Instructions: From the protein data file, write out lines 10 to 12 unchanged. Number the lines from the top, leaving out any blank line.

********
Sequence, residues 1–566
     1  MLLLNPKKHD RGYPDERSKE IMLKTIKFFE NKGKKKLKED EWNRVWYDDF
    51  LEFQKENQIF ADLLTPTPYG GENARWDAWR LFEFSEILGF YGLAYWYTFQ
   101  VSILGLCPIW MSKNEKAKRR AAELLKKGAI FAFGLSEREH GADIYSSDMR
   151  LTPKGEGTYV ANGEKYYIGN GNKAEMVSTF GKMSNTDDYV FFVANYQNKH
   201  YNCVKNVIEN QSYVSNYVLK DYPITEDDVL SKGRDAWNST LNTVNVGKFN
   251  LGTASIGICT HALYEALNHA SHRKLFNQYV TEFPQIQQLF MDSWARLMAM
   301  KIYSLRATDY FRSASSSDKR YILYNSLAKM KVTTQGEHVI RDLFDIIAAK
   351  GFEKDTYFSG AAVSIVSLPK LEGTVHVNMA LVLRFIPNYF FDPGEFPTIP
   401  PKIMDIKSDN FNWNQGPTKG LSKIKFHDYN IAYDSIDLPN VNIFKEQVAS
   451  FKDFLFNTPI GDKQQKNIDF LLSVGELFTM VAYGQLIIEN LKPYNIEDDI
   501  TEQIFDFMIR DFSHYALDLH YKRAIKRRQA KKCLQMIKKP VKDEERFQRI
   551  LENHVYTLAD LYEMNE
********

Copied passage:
   401  PKIMDIKSDN FNWNQGPTKG LSKIKFHDYN IAYDSIDLPN VNIFKEQVAS
   451  FKDFLFNTPI GDKQQKNIDF LLSVGELFTM VAYGQLIIEN LKPYNIEDDI
   501  TEQIFDFMIR DFSHYALDLH YKRAIKRRQA KKCLQMIKKP VKDEERFQRI